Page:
It seems like this is the week to be out on the town if you are a fan of the heavier end of the music spectrum. So without even stopping to have a dig at even a single cover band, (which I was again this week accused of belittling in a rather bizarre confrontation in Co-op, of all places!) it’s eyes down for a full house.Starting as we mean to go on, Riffs Bar is hosting another heat of it’s Bloodstock Battle of The Bands tonight which sees Without Consequence, Acts of Brutality and Brink of Reason all fighting it out for places in the semi final.The 12 Bar also chips in its fair share tonight, headlining are Bristol band, The Chimerical, who manage to mix the accessibility of Britpop with the sucker punch of grunge. A band who I can’t recommend highly enough, SkyBurnsRed, take the middle slot, blending alt-rock power with eastern rhythms and wonderful violin washes and kicking off are IX, all cinematic metal and industrial soundscapes; imagine Trent Reznor writing songs for Opeth.It’s all about bands and burlesque at The Victoria, the music this time coming in the shape of rockabilly outfit, Josie and The Outlaw, and if Celtic fringed folk-rock is more your thing then get down the Beehive for a bit of Missin’ Rosie.

Friday at The Victoria is all about the most contemporary of sounds. The Icarus Youth will be bringing their brilliant weave of rock, urban and alternative sounds, always a brilliant live experience, supporting is a familiar face launching a new musical vehicle. After 7 years fronting the eight legged rave that was Old School Tie, James Cameron wastes no time in unleashing Weather Storms on the world, a blend of dub, electronic, garage and epic post rock.

It’s all about the old school punk at Riffs Bar with Useless Eaters and a welcome return to these parts for Nobodys Heroes who between them deliver the sound and the spirit of the first generation punk movement.

Okay, now two quick questions. Anyone remember Toploader? Anyone able to name anything other than “that damned song?” Thought not. Well, they are at The MECA, but for my money it’s worth getting there early to catch support band A&T, an eclectic firestorm of hip-hop, funk and rock.

Staying at The MECA for Saturday and it’s your chance to indulge yourself in a bit of New Wave of British Heavy Metal with ODS – Oliver/Dawson Saxon, supported by the biggest band ever to come out of Whitley Bay, Tygers of Pan Tang. Patched denim jacket? Check! Ammo belt? Check! Whiff of Patchouli Oil and Old Holborn? Check! Ahh…those were the days. If you can’t afford the real thing Metalhead at The Rolleston (again!) come a close second.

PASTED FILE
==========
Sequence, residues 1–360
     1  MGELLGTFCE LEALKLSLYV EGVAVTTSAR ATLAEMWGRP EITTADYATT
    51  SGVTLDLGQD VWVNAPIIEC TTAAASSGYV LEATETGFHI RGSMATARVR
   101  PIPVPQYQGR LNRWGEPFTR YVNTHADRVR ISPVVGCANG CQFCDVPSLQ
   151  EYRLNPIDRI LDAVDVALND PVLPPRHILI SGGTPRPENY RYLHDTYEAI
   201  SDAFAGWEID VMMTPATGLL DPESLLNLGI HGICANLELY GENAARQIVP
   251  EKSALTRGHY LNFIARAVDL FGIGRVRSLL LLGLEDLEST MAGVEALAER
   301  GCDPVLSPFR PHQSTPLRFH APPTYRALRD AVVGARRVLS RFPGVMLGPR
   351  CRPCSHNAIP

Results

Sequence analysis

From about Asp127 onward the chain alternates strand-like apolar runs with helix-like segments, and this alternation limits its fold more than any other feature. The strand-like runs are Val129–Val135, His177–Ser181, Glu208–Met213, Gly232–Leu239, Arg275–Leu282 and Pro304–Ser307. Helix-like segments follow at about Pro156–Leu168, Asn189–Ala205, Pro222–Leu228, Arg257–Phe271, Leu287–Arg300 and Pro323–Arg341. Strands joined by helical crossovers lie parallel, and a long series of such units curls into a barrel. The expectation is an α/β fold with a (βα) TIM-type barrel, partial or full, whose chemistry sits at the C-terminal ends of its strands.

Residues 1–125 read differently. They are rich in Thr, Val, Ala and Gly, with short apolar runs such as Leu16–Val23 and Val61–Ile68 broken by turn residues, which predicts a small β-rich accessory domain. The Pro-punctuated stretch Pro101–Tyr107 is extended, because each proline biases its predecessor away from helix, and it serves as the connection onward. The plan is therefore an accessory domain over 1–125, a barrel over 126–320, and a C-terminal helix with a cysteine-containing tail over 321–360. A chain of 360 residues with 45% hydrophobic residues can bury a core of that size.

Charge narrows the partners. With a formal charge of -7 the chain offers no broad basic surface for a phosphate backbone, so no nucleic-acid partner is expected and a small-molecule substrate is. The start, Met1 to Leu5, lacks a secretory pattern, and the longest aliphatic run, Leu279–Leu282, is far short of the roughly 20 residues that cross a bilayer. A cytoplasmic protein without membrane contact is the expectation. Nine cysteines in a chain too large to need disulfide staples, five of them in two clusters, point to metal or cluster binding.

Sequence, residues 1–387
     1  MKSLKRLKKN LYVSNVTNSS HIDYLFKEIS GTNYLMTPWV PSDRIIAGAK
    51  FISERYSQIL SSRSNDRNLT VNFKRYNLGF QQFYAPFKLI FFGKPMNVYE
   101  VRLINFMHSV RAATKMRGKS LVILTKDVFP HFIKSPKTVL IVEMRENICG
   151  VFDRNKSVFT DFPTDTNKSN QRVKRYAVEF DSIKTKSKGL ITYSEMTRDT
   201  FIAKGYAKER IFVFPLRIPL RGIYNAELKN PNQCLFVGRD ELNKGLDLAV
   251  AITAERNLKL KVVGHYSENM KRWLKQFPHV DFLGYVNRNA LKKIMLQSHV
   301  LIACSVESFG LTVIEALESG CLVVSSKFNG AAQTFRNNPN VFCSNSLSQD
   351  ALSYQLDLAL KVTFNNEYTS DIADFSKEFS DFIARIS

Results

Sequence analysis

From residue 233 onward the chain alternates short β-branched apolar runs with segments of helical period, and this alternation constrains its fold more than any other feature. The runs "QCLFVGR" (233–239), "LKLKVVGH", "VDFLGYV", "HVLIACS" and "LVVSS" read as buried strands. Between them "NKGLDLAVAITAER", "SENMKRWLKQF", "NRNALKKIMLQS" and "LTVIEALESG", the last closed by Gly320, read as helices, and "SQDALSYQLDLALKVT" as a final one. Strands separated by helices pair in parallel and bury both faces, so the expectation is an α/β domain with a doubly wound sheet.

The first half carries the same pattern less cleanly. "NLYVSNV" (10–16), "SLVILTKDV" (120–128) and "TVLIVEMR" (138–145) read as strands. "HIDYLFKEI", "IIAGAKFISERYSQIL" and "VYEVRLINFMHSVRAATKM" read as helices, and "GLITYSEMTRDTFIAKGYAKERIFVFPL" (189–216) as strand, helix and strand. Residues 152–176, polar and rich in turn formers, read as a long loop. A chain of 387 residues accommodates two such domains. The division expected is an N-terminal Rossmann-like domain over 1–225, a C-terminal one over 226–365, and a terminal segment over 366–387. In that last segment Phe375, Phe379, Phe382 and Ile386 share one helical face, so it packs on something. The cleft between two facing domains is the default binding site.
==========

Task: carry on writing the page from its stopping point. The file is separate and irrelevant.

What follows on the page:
Things get really heavy down at The 12 Bar with South-West Hardcore’s regular outing catering for all things musical aggressive with The Hotel Ambush, The Argent Dawn, Moments Before Oblivion and Go Out With a Bang. In strict competition for a slice of the same audience, The Furnace takes a more pop-punk, but nevertheless feisty tack with ScreamDontWhisper! Third Place Victory, Boy Set Sail and Sell Your Sky.

Something a bit different can be found in the form of The Reggae Riddim Club at The Victoria.

And after all that loud and shouty stuff, Sunday will seem like an oasis of tranquillity. The Beehive’s afternoon slot is filed with local swing blues stalwarts, The Teddy White Band and The Arts Centre’s regular Lazy Sunday Afternoon show features the historically aware, pop-folk residents Mr Love and Justice and guests Daniel James plus Americana meets Old World folk from Bateleurs.

And if that is your sort of thing, cap it off with a trip to The Rolleston that evening to catch the infectious, virtuosic and foot-stompingly upbeat, Grubby Jack.

The week rounds off on Wednesday with two options. Theo Altieri and Ian Payne play the Running Horse session whilst at The Victoria, Sierra Hurtt and her band alchemize everything from chilled folk to blues and from cool Latin to jazz to sultry soul and come off like a less ethereal and more worldly-wise Sade.